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Algebra II: High School23 chapters | 203 lessons

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Lesson Transcript

Instructor:
*Yuanxin (Amy) Yang Alcocer*

Amy has a master's degree in secondary education and has taught math at a public charter high school.

Watch this video lesson to learn what a parabola is and how you can graph it. Find out how to extract useful information from the standard form equation of a parabola to help you graph it.

In this video lesson, we are going to be talking about parabolas. What is a **parabola**? We can call it an arc. Parabolas are actually really useful shapes that we use for very important applications in the world. You see them in use in those satellite dishes for watching television. Satellite dishes are also used to communicate with the machines we have in outer space. Because of all these very useful applications, learning how to graph parabolas from equations is a very useful skill to have.

One interesting fact that is important for you to know is that every parabola has a point called the **focus**, where the distance from a point on the parabola to the focus is the same as the distance from that point to a straight line underneath the parabola. Since we are working in algebra, of course we have an equation for our parabola.

When we graph our parabolas, we can draw them curving either up and down or curving to the left and right. Because of these two different directions, we have two different equations for each. We call the parabolas that curve up and down vertical parabolas, and we call the parabolas that curve sideways horizontal parabolas.

The **standard form of a vertical parabola** is (*x* - *h*)2 = 4*p*(*y* - *k*), where *h*, *k* and *p* are numbers that give you the location of the focus. For the vertical parabola, the focus is given by the point (*h*, *k* + *p*). For example, the parabola (*x* - 3)2 = 8(*y* - 2) has a focus of (3, 4) since our *h* equals 3, our *p* equals 2 and our *k* equals 2. How come our *p* equals 2? Well, the standard form has a 4*p* outside the parentheses with the *y*, and our equation has an 8 in its place. So, what multiplied by 4 will get me to 8? It's a 2.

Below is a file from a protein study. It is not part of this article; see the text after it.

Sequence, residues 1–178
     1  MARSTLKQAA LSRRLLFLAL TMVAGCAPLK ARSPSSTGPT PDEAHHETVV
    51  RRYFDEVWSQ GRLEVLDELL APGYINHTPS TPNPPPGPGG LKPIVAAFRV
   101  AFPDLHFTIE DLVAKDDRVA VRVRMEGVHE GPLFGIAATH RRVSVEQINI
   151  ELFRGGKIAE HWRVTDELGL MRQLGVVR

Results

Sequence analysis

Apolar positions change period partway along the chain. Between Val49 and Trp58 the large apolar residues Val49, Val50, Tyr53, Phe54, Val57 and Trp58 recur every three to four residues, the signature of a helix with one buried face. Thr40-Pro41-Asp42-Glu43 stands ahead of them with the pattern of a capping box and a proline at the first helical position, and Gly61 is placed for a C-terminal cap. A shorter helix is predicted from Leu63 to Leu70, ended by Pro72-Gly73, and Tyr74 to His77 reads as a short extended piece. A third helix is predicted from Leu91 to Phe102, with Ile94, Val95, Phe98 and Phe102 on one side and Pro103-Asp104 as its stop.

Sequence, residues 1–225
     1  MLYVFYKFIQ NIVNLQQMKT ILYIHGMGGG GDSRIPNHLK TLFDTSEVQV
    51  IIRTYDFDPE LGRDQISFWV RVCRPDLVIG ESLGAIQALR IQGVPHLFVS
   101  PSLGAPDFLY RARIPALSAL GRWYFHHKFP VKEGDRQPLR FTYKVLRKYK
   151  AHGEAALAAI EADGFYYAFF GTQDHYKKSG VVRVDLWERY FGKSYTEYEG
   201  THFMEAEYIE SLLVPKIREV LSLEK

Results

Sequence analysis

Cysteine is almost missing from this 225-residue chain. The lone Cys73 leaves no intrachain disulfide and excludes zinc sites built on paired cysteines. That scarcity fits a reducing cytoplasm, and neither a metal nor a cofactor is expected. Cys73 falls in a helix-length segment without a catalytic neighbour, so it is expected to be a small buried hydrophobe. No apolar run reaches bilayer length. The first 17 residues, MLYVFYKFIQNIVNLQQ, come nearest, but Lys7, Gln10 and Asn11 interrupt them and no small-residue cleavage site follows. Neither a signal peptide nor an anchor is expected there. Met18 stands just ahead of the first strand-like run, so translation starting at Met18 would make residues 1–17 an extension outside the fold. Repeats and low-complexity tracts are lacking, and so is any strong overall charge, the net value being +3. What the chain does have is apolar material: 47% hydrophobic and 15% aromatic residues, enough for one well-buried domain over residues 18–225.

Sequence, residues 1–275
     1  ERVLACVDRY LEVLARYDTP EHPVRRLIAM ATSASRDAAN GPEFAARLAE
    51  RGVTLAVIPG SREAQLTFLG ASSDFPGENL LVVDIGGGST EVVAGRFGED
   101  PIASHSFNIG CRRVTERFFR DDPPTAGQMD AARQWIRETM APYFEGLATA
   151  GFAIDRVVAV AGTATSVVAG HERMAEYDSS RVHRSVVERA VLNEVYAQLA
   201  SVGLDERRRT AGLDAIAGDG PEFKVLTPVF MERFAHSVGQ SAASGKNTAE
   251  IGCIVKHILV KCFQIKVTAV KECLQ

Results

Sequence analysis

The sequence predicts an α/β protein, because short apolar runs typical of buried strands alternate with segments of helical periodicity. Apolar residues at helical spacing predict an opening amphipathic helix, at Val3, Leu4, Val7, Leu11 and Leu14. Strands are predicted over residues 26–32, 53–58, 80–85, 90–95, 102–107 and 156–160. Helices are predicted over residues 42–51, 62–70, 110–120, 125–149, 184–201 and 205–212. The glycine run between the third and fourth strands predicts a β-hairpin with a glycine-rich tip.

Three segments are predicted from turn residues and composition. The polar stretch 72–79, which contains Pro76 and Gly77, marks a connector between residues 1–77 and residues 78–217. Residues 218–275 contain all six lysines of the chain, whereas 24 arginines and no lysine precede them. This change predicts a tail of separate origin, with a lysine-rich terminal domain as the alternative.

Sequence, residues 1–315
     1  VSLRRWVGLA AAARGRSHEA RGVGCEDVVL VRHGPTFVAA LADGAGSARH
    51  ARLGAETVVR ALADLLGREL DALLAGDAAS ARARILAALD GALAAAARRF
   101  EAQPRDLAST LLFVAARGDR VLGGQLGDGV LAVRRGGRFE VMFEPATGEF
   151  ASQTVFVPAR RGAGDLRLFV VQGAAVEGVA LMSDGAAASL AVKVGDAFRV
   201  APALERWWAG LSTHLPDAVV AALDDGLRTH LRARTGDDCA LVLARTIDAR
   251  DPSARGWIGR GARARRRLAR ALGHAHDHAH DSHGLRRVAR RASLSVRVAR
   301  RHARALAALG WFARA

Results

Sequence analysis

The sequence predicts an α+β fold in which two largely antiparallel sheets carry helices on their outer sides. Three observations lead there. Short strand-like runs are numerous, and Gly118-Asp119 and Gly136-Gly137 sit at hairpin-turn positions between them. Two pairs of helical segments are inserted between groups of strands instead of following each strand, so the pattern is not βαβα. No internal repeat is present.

The **standard form of a horizontal parabola** is (*y* - *k*)2 = 4*p*(*x* - *h*), where the focus is given by the point (*h* + *p*, *k*). For example, the parabola (*y* - 4)2 = 4(*x* - 1) has a focus of (2, 4) since our *h* equals 1, our *p* equals 1 and our *k* equals 4. Our *p* equals 1 since we have a 4 in the 4*p* place, and 4 times 1 will equal 4.

Notice how the *k* is always linked with the *y*, and the *h* is always linked with the *x*. The *p* is always linked with the part that is not squared.

Because these standard form equations allow us to easily find the focus point, they are also very useful for us when we want to graph our parabolas. Why is this? Because once we find our focus point, we can use the location of the focus point to find the location of the tip of our parabola. We can then find points on either side of the tip so we can graph our parabola. Let's go ahead and see how we can do this.

Why don't we go ahead and graph the vertical parabola (*x* - 3)2 = 8(*y* - 2). We already found the focus of (3, 4). The way we are going to find the location of the tip of our parabola is to take the *x* value of our focus and plug it into our parabola equation to find the *y* value of the tip. We are using the *x* value because our parabolas are facing up and down, so our arc dips up and down from left to right. If we plug in our *x* value of 3, we get (3 - 3)2 = 8(*y* - 2), which becomes 0 = 8(*y* - 2). To solve for *y*, we divide by 8 on both sides, and then we add the 2. Doing this we get 0 = *y* - 2, which becomes *y* = 2. So our tip of our parabola is (3, 2).